The move happened right around the time the TEA implemented a new monitoring system for districts, began penalizing ones with low scores, and started auditing districts for putting too many kids in special ed classes. The result, according to this bombshell Houston Chronicle investigation
: districts were effectively forced to jettison kids from special ed courses and programs until they met the state's new, arbitrary standard. One elementary school speech therapist told the paper, "We basically just picked kids and weeded them out. We thought it was unfair, but we did it."
On Wednesday, the TEA told the feds that it will stop the policy of auditing districts that offer special ed to too many kids. Still, in a letter to U.S. Department of Education officials, who had previously called on the state to end its de-facto rule on special ed, TEA officials defended the policy, said there as nothing wrong with it, and denied that hurt any kids by pushing districts to slash special ed enrollment over the past decade.
In fact, the TEA basically blames whatever problems did occur on districts that "erroneously" interpreted the rule as a cap on enrollment "rather than a data point." We can only imagine how infuriating that response must be for people like GeorgeAnne Reuthinger, a former Laredo school district special education director who says the state made her purge the district's special ed rolls. "TEA required us to do this," she told the Chron
. "There was no wiggle room." In San Antonio ISD, which in 2004 saw special ed enrollment of nearly 13 percent, special ed enrollment has fallen two percent over the past decade. Meanwhile, South San ISD went from 10.6 percent special ed enrollment in 2004 to around 7 percent last year.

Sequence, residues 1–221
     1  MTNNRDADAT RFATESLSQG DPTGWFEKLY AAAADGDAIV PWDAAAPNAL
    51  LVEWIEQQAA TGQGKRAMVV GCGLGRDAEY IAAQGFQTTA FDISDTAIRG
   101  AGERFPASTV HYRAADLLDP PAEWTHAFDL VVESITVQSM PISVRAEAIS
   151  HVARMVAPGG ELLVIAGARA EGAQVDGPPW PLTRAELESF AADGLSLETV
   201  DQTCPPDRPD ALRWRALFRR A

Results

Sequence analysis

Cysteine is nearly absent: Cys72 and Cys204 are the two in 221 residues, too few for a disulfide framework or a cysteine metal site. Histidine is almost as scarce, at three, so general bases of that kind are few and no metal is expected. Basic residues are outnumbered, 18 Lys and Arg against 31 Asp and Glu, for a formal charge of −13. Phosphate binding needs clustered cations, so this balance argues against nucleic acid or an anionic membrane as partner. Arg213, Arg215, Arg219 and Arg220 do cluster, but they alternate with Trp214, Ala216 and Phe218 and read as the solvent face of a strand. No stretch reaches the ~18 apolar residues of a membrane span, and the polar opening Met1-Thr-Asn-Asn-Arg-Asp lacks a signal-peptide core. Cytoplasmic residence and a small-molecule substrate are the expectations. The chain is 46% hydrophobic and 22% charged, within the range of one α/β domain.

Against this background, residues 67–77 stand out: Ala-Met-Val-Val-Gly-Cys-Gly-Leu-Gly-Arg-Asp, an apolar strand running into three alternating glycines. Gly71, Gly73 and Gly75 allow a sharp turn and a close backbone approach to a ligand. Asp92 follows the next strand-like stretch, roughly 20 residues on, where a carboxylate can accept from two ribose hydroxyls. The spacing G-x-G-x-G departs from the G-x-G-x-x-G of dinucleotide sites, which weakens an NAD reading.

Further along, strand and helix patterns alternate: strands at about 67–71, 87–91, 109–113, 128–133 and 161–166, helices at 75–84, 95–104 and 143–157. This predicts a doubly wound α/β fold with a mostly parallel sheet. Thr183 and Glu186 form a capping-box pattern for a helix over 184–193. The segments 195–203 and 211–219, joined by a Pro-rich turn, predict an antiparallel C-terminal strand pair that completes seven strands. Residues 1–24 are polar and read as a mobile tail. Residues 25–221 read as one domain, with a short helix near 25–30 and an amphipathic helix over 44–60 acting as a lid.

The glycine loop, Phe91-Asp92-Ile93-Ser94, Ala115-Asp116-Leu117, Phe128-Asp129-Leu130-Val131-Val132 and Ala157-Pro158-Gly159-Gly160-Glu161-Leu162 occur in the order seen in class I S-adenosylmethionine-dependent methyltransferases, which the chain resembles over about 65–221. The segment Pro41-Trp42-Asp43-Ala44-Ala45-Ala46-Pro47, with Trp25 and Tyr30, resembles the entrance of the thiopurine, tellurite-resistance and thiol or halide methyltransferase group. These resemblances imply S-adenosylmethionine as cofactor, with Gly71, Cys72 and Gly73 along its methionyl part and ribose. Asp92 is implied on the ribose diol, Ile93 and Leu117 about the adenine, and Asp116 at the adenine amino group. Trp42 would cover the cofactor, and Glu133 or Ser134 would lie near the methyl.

While disability rights advocates are happy the state's backing off its policy (after pressure from the feds, numerous state lawmakers and even the Texas House speaker, that is), they're troubled by the fact that not only are education officials still defending it, they're actually arguing that no damage has been done. The Chron's
investigation indicates that somewhere around a quarter million children with disorders like autism, ADHD, dyslexia, epilepsy and speech impediments have been denied services since the state's de-facto rule took effect.
In a statement Wednesday, Disability Rights Texas said it was "disappointed" by the TEA's response. “Students’ futures are held in the balance while TEA refuses to claim any responsibility for the dramatic decline in services to children with disabilities," the group said in a statement.
A little more than a decade ago, officials with the Texas Education Agency decided to drastically reduce target enrollment for public school districts across the state. At the time, some 12 percent of Texas public school students received some kind of special programing (like tutoring, therapies or counseling), which is just below the national average. In 2004, Texas education officials, for reasons they still can't really explain, set the state's new benchmark at 8.5 percent.